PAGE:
• A plan to restructure the Tennessee Regulatory Authority.
All of these awaited Gov. Bill Haslam's signature at press time. In among those measures were others aimed at stamping out "Gateway Sexual Activity" in the state's schools; preventing businesses from allowing minors to engage in sex acts on their property; and rewriting the state's controversial cyber-bullying law.
In those fast and furious days, calendars for various committees — as well as those for the House and Senate floor sessions, which are typically posted online for the public to see — became obsolete, if they even appeared at all. All the while, legislators were haggling over the budget, a squabble that led to the first budget conference committee in more than a decade.
The budget conference committee met on a Friday night, just hours after its formation. It might have done so out of the public eye were it not for Senate Minority Leader Jim Kyle, who requested that it be streamed live on the Internet.
Just as the speed and dramatically magnified scope of the legislature's work blurred its activities, it also allowed legislators to resurrect (nearly) dead bills and force them back into the fray. A once-dead piece of guns legislation and the infamous "Don't Say Gay" bill were at the center of short-lived attempts at doing just that, although party leaders eventually squashed both bills.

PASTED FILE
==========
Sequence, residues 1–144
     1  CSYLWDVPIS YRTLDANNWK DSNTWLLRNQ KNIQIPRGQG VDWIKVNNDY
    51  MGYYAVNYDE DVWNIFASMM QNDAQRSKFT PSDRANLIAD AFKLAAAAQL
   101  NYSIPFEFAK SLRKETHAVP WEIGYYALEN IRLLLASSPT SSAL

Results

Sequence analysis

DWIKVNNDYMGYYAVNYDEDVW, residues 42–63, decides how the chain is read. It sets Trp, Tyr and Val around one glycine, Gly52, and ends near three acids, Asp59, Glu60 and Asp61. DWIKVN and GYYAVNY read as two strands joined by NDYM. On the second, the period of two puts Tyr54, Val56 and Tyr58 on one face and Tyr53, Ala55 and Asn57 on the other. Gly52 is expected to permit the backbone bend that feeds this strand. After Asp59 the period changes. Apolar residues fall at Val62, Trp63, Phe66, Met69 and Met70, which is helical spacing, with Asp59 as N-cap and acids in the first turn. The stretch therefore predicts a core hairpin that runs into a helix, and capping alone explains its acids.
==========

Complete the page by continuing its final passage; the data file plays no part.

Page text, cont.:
The most interesting example, though, is a bill once thought dead that was brought back up on the second to last day of the session. Originally, the bill, sponsored by Rep. Glen Casada, would have repealed limits on the total amount of money individual candidates can receive from political action committees and corporations. Casada had taken the bill "off notice," which is typically a sign that the sponsor does not intend to pursue the bill any further.
But in an early morning committee meeting, Casada called the bill up again and added an amendment that would have given corporations the freedom to act as individuals or as PACs when making political donations. The committee adopted the amendment and passed the bill — over the objections of Democrats, who decried the "last hour" attempt to make such a change in campaign finance laws.
Under normal circumstances, Casada's resurrected bill would likely have been caught ahead of time by reporters or citizens keeping a close eye on the committee's calendar. At the very least, there would have been days, if not weeks, between its surprise appearance in the committee and a vote on the House floor.